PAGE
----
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Damien (Seamus Davey-Fitzpatrick) in a scene from The Omen

Vince Valitutti

It's every parent's secret fear: What if your child turns out to be a bad seed? The idea that children can be psychopaths is no longer just a horror movie plot line – think of Damien and his chilling smile in the last scene of The Omen – but an actual diagnosis that comes with its own frightening consequences.

According to a feature by Jennifer Kahn in the New York Times Magazine, some psychologists believe that children as young as five can be highly manipulative, aggressive, defiant, lacking in empathy and guilt, and prone to lying for no apparent reason. These co-called "callous-unemotional" traits are, Ms. Kahn writes, indicative of the "cold, predatory conduct most closely associated with adult psychopathy."

Of course, diagnosing children in grade school as psychopaths remains controversial. Certain callous-unemotional traits can also be signs of everything from attention-deficit disorder and obsessive-compulsive disorder to sensory-integration disorder. But as difficult as any of those disorders could be to accept – and treat – imagine hearing that your child could be next Russell Williams or Ted Bundy.

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"This isn't like autism, where the child and parents will find support," Ms. Kahn quotes John Eden, a clinical psychologist at Texas A&M University, as saying. "Even if accurate, it's a ruinous diagnosis. No one is sympathetic to the mother of a psychopath."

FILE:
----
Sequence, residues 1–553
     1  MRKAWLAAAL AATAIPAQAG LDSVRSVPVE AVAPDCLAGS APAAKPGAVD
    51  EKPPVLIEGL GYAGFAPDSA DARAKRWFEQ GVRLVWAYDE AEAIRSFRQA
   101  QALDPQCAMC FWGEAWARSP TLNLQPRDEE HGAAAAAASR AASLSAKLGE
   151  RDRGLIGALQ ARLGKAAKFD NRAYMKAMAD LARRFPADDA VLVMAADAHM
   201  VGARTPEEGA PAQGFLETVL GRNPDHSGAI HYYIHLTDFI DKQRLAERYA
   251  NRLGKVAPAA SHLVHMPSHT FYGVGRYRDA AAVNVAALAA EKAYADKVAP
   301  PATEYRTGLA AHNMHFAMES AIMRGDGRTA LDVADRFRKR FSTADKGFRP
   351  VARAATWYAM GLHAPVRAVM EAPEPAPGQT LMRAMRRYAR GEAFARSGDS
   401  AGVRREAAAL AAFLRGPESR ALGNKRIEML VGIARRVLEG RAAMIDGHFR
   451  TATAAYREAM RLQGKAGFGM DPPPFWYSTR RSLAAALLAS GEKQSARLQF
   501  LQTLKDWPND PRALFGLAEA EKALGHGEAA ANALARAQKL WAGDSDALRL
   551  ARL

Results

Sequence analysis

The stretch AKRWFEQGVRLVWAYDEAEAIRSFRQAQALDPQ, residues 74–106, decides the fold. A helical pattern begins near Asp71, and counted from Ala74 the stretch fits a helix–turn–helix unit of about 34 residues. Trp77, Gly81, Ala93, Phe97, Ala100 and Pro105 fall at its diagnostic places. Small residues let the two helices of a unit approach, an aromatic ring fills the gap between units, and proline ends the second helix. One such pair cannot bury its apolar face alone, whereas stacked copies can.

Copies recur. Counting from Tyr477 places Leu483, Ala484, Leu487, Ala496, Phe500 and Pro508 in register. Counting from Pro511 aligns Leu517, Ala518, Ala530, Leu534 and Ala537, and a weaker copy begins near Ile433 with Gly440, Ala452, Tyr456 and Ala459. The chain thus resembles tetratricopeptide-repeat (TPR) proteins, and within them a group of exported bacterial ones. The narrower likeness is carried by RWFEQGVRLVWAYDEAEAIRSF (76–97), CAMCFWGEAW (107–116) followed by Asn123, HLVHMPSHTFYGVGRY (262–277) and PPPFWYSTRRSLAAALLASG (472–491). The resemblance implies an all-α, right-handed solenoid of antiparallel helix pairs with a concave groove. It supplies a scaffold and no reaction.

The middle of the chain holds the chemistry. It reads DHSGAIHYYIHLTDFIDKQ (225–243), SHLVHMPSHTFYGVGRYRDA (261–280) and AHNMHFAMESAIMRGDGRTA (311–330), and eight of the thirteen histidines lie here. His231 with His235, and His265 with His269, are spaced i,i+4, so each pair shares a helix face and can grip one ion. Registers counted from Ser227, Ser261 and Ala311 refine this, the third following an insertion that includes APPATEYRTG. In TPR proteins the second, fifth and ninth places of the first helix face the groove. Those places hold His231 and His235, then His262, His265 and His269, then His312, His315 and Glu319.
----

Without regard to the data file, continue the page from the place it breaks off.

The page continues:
So what makes one kid the pint-sized terror of the daycare and another a genuine danger to the society? A 1970s study of children with behavioural problems cited by Ms. Kahn revealed that while almost every psychopathic adult was deeply antisocial as a child, "almost 50 percent of children who scored high on measures of antisocial qualities did not go on to become psychopathic adults."

The reason might lie in the fact that children's brains, particularly the regions that control their capacity for empathy, aren't fully developed. The hope is that, as with depression, psychopathic tendencies can be mitigated through environmental and behavioural treatment. Just what those interventions might be remains unproven, although Ms. Kahn highlights a summer camp program for callous-unemotional children.

Early results, however, suggest that the participants are learning more from each other about how to be better manipulators than from the psychologists about empathy.

Do you believe that children can be psychopaths? How should society deal with them?

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